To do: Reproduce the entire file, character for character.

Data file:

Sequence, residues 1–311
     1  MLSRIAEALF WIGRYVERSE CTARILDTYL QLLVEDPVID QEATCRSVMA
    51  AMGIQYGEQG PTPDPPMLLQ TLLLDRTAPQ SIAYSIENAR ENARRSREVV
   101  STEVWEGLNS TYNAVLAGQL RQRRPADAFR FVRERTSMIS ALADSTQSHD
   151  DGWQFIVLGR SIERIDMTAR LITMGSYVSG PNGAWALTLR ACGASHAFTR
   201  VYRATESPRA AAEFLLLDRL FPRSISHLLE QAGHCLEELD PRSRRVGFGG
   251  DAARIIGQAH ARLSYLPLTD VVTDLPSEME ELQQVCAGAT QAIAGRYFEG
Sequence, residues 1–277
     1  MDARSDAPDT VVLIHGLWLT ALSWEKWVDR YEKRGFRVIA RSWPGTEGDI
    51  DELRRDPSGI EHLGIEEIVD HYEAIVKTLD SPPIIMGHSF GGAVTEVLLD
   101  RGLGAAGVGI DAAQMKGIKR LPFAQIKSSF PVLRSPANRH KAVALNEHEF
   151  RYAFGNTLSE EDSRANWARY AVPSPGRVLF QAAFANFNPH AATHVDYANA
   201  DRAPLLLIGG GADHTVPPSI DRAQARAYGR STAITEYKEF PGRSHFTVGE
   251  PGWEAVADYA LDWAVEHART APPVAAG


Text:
Sequence, residues 1–311
     1  MLSRIAEALF WIGRYVERSE CTARILDTYL QLLVEDPVID QEATCRSVMA
    51  AMGIQYGEQG PTPDPPMLLQ TLLLDRTAPQ SIAYSIENAR ENARRSREVV
   101  STEVWEGLNS TYNAVLAGQL RQRRPADAFR FVRERTSMIS ALADSTQSHD
   151  DGWQFIVLGR SIERIDMTAR LITMGSYVSG PNGAWALTLR ACGASHAFTR
   201  VYRATESPRA AAEFLLLDRL FPRSISHLLE QAGHCLEELD PRSRRVGFGG
   251  DAARIIGQAH ARLSYLPLTD VVTDLPSEME ELQQVCAGAT QAIAGRYFEG
Sequence, residues 1–277
     1  MDARSDAPDT VVLIHGLWLT ALSWEKWVDR YEKRGFRVIA RSWPGTEGDI
    51  DELRRDPSGI EHLGIEEIVD HYEAIVKTLD SPPIIMGHSF GGAVTEVLLD
   101  RGLGAAGVGI DAAQMKGIKR LPFAQIKSSF PVLRSPANRH KAVALNEHEF
   151  RYAFGNTLSE EDSRANWARY AVPSPGRVLF QAAFANFNPH AATHVDYANA
   201  DRAPLLLIGG GADHTVPPSI DRAQARAYGR STAITEYKEF PGRSHFTVGE
   251  PGWEAVADYA LDWAVEHART APPVAAG